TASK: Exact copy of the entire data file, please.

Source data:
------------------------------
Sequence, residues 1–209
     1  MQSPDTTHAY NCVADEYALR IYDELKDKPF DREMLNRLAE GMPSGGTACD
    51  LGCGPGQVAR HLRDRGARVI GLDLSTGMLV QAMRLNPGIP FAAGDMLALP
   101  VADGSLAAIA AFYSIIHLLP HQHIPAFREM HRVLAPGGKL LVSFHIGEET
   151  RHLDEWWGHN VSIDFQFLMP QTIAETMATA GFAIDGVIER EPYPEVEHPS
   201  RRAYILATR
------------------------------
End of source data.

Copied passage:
Sequence, residues 1–209
     1  MQSPDTTHAY NCVADEYALR IYDELKDKPF DREMLNRLAE GMPSGGTACD
    51  LGCGPGQVAR HLRDRGARVI GLDLSTGMLV QAMRLNPGIP FAAGDMLALP
   101  VADGSLAAIA AFYSIIHLLP HQHIPAFREM HRVLAPGGKL LVSFHIGEET
   151  RHLDEWWGHN VSIDFQFLMP QTIAETMATA GFAIDGVIER EPYPEVEHPS
   201  RRAYILATR